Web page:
Sleep Deprivation: Impact on Cognitive Performance

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With all of the many moving parts of today's demanding schedules, it is easy to miss the mark of the suggested seven to ten hours of sleep a night. In this article, it states that nearly a third of the U.S. population is not getting enough sleep that is needed for their age. Adolescents are the highest demanding groups of sleep, whom of which are getting the least amount across the groups. Compared to past years, preteens have more stimulants than ever that are aiding in this lack of sleep. Between technologies like cell phones keeping them chatting and televisions keeping them watching, nearly 20% are getting fewer than five hours of sleep a night according to a Sleep In America poll. The CDC says this can attribute to teens making poor decisions because their bodies cannot release hormones that are made to repair tissues that are necessary for their growing bodies.

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Another study in the journal called Brain found that middle aged adults that are otherwise healthy that slept poorly for only one night were exposed to a protein that has a hand in Alzheimer's. In comparison, a week of poor sleep exposed them to a second protein that is also responsible for Alzheimer's. It is no secret that a lack of sleep will leave you feeling groggy and unfocused the next day. There have actually been studies that have found a lack of sleep kills brain cells! Studies have also shown that sleep deprivation can be comparable to alcohol intoxication. Limiting your sleep for just one night can actually put you well over the legal drinking limit at 0.1%. Not only does a lack of sleep have an impact on your alertness, but it can impact learning new skills, banking new memories and also solving problems. Chronic sleep deprivation is linked to several psychological issues such as depression and heightened anxiety. When your brain and body do not know how to cope under stress and the tools to relieve stress are taken away(sleep) you are leaving your body on empty, essentially.

As I sit up and write this paper, my entire family is sound asleep. I am not tired however because being up later than everyone else is usually how it goes for me. I have a new five month old breastfed baby, so nursing her to sleep is always first "pre-bed time task". During this time I'm counting all the things I would like to get done before I call it a night myself. Things a mom normally would like to have done before the days enddishes, laundry, last minute tidying up. There are many nights I am last to bed, first to rise and these days are the ones I feel least like myself. I agree that days I have slept less are days I feel most groggy and short with my nine year old. A lack of sleep plays a major role in the recovery of your body at a cellular level, as I have gone into great detail about earlier. Prior to my last pregnancy, I was in great shape preparing my body for growing and housing a human life. Hindsight, I can attribute that to a healthy and well rounded diet and a sleep schedule that ensured I was giving my body adequate amount of time to regenerate itself and prepare for the next day.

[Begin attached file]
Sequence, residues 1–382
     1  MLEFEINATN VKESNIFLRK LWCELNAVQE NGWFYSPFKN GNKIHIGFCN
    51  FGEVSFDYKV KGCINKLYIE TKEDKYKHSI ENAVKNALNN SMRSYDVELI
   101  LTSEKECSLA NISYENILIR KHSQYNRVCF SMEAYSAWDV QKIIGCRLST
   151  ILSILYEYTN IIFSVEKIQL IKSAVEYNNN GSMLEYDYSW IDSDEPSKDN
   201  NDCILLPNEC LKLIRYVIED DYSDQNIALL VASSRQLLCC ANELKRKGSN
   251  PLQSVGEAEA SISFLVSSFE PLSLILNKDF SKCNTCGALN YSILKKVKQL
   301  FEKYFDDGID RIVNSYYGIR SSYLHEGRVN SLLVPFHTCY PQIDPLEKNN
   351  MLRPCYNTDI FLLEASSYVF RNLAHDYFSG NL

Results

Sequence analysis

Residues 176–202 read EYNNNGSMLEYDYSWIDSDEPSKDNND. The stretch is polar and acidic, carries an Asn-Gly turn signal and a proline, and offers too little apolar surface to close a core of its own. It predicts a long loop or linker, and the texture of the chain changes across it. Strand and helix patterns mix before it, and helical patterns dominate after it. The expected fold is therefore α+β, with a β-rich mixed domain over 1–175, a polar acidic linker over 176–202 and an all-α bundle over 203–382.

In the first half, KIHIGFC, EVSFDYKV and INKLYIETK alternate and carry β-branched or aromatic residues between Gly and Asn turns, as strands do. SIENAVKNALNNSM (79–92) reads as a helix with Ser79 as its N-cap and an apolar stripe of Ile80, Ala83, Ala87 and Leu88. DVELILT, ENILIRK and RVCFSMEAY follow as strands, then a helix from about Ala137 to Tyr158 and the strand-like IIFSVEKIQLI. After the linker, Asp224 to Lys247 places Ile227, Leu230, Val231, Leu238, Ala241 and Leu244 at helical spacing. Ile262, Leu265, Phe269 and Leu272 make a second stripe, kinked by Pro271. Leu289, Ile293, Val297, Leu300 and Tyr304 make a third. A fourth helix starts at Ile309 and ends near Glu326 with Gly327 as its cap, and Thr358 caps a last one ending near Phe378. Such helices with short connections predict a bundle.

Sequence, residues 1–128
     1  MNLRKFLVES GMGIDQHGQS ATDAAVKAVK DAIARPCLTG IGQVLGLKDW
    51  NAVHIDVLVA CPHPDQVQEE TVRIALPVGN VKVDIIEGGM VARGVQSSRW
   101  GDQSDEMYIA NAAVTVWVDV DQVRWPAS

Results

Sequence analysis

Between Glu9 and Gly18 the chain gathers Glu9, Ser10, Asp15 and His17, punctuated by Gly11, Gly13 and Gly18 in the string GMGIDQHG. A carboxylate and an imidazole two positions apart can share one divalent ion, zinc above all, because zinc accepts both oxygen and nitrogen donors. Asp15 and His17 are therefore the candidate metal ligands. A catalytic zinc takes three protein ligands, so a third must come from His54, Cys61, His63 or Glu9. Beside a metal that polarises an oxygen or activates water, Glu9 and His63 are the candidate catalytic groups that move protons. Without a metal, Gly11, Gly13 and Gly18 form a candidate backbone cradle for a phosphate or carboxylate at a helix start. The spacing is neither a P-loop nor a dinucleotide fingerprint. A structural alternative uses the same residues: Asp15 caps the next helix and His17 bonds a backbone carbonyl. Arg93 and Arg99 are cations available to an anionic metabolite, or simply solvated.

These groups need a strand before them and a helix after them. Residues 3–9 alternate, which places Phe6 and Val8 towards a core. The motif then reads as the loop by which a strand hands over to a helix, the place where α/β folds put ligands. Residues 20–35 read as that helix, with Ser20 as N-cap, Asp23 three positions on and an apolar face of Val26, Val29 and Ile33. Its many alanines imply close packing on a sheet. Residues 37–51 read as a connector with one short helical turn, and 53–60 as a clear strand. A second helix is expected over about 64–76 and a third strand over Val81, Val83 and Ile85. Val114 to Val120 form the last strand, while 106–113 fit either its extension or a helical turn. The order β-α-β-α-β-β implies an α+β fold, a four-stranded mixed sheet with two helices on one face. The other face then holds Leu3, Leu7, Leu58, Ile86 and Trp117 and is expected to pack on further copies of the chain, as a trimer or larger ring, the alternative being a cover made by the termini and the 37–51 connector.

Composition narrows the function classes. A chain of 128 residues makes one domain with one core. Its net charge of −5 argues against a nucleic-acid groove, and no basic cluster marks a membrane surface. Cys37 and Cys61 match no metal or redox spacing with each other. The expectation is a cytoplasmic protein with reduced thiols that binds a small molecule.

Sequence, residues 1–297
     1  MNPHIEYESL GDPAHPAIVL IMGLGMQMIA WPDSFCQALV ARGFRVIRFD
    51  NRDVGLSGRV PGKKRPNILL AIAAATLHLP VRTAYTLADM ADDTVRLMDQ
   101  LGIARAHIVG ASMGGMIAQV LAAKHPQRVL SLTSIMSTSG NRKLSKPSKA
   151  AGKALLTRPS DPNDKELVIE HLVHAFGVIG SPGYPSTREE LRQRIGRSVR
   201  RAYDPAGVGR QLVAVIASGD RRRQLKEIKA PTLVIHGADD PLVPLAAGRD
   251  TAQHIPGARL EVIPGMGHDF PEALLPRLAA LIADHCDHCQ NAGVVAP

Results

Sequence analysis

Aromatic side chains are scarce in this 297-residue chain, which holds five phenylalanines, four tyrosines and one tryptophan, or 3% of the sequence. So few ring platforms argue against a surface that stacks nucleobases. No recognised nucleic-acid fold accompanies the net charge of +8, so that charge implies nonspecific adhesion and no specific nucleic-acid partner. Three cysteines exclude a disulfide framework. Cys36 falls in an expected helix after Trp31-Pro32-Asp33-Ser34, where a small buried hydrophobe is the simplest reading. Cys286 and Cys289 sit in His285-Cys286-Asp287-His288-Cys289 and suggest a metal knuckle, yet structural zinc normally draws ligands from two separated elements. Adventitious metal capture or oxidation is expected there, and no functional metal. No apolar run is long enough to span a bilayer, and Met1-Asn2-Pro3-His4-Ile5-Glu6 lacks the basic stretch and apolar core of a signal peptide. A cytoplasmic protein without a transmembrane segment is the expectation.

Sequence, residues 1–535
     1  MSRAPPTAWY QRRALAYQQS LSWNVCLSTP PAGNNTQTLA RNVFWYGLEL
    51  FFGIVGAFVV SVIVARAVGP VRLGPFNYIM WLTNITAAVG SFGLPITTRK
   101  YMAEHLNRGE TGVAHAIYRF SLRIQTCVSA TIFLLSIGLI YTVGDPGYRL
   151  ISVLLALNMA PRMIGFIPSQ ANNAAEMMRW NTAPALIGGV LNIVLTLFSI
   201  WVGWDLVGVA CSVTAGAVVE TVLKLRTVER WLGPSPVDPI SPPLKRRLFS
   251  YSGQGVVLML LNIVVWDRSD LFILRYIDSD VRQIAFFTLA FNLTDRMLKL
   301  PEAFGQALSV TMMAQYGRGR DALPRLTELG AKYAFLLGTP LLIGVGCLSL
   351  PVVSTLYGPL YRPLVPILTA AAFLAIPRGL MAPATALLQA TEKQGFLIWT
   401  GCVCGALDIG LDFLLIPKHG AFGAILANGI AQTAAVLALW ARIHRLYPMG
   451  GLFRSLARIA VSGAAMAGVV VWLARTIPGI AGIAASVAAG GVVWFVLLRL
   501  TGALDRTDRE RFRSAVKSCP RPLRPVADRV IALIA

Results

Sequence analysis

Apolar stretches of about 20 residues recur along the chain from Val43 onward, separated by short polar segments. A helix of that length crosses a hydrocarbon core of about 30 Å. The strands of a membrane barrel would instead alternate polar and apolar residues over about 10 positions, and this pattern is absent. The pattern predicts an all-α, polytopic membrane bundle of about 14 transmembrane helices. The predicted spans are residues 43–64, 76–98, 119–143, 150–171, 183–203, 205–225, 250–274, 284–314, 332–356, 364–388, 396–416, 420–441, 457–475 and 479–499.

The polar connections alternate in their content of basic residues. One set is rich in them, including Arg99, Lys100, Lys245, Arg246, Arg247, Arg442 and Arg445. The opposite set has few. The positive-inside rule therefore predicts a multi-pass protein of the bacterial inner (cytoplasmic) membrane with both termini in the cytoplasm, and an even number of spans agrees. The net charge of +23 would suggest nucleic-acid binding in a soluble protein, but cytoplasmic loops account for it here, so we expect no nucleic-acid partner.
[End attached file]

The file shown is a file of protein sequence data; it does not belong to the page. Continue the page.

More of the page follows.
A year later, when my sleep is far from scheduled and shorter spans of time, I am definitely feeling the effects of this on my body. The article referenced for this paper had some great tips for increasing your sleep time each night that seem easy enough to take into account. Being that I live in Hawaii, keeping the room cool to the temperature suggested (60-67 degrees), is a little harder than if I was living on the mainland. It is a little more realistic to try to drop the temperature with an extra room fan. This will also check a box for another tip to create an ambient space with white noise. Since my older daughter was very young, we have alway stuck to a bedtime routine that has greatly benefit her. It goes without saying that this would be helpful for adults as well, if not more. Incorporating meditation or stretching before bed would definitely get your body relaxed and ready to slip right to sleep. Applying these changes to my nightly routine would improve many aspects of my life. The first change I think I would see would be a big shift in my mood. I am definitely a cranky person if I do not get enough sleep. This overflows into other areas of my life such as diet control. Not sleeping as me grabbing for all the snacks because I feel too groggy to want to think about making a meal or preparing something healthy to eat. These two simple, but so complex, aspects of my life being changed on top of increasing the amount of sleep I am getting will surely have a great impact on my overall health!

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